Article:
Here’s a Little F M for You. Oh, That’s Financial Magic, Not . . .

Chantal saves $1 a day for 10 years. Lorenzo saves a $1 a day for 20 years.

Q: How does Chantal end up with more money than Lorenzo?
A: The time value of money.

The Time Value of Money is what all investment programs are based on. In short, it says the length of time you let interest work its magic on your investment is more important than the amount of your investment because of something called compounding.

In our example saver Chantal invested $1 a day for 10 years starting when she was 20 and let compound interest (I’ll explain in another post) build her treasure trove for the next 40 years. Saver Lorenzo invested $1 a day for 20 years but didn’t start until he was 40. Even with compound interest after 20 years ‒ twice as long as Chantal ‒ Lorenzo’s treasure trove is still smaller than Chantal’s. Because of the Time Value of Money.

So, the takeaway here is, start saving ‒ even a little bit each month ‒ because with time it will be a lot more than a little bit. Watch Lesson 7 in Creighton Federal’s FI-Q series on personal finance.

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What’s the Difference Between Compound Interest and a Compound Fracture?

That’s a dumb question but it got your attention.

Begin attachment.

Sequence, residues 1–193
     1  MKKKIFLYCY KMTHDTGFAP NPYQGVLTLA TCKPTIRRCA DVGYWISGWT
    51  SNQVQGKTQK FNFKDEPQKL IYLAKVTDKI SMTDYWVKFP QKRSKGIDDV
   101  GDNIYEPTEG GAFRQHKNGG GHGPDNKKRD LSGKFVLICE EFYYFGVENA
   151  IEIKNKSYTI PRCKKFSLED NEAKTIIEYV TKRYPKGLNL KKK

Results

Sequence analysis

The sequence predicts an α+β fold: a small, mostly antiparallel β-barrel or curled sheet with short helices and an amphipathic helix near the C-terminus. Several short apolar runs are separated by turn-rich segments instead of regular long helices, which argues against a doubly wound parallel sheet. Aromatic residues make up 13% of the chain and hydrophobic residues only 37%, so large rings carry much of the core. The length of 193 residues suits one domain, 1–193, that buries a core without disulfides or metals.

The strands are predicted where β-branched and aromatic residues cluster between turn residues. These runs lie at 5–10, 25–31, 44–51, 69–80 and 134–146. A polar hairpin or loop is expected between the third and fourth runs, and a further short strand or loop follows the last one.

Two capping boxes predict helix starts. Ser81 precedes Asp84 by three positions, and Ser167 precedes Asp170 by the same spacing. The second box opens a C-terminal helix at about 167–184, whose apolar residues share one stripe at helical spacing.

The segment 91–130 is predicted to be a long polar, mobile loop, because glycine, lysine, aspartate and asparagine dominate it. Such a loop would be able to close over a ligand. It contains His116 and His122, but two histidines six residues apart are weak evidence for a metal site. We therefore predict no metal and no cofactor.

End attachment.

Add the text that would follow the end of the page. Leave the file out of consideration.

Compound interest has been around a while. It is thought to have originated in 17th century Italy. Think of compound interest as interest paid on interest. In other words, interest calculated on the amount of money you save or invest along with all of the interest you previously earned. Compound interest will make money grow at a faster rate than simple interest, which is calculated only on the amount invested or saved.

Where things really get “interesting” (lame pun intended) is when you let your investment grow for a long time. Check out the example below.

Starting at age 25 Susan invests $50,000 over 10 years and ends up with more money at retirement than Bill who started 10 years later and invested 3X as much over 30 years. How’s that possible? Compound interest.

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